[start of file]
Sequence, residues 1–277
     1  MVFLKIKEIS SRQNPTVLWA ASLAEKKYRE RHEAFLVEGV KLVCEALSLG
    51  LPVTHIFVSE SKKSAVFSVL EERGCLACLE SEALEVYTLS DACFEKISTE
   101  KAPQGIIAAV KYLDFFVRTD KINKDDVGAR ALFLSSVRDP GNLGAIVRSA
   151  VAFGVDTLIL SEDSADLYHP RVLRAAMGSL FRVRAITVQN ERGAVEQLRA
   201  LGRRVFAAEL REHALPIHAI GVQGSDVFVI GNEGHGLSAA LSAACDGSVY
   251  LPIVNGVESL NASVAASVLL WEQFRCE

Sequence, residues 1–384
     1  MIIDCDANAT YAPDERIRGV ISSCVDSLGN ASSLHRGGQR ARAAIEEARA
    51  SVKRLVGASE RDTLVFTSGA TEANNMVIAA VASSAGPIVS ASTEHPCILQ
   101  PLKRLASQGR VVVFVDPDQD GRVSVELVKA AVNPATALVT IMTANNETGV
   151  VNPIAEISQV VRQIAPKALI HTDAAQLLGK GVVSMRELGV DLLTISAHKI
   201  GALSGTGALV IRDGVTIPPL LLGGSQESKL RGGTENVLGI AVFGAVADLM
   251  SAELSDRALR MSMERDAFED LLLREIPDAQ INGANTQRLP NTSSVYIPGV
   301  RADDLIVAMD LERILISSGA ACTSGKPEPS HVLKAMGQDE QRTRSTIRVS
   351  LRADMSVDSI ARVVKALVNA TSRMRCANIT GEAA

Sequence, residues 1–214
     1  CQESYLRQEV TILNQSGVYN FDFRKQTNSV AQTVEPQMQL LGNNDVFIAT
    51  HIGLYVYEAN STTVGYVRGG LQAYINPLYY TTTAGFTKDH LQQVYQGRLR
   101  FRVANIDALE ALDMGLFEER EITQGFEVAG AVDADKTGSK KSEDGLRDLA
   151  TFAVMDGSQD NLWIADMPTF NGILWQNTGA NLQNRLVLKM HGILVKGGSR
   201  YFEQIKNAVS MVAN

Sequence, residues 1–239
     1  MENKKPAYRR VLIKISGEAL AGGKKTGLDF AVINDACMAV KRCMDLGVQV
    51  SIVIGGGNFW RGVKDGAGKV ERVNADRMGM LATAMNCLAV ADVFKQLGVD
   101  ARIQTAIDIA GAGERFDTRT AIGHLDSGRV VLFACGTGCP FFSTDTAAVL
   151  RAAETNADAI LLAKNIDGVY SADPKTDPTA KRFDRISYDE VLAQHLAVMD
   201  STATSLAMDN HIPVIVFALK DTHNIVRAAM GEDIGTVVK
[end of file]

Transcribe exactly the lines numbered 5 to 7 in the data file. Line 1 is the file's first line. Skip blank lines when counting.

   151  VAFGVDTLIL SEDSADLYHP RVLRAAMGSL FRVRAITVQN ERGAVEQLRA
   201  LGRRVFAAEL REHALPIHAI GVQGSDVFVI GNEGHGLSAA LSAACDGSVY
   251  LPIVNGVESL NASVAASVLL WEQFRCE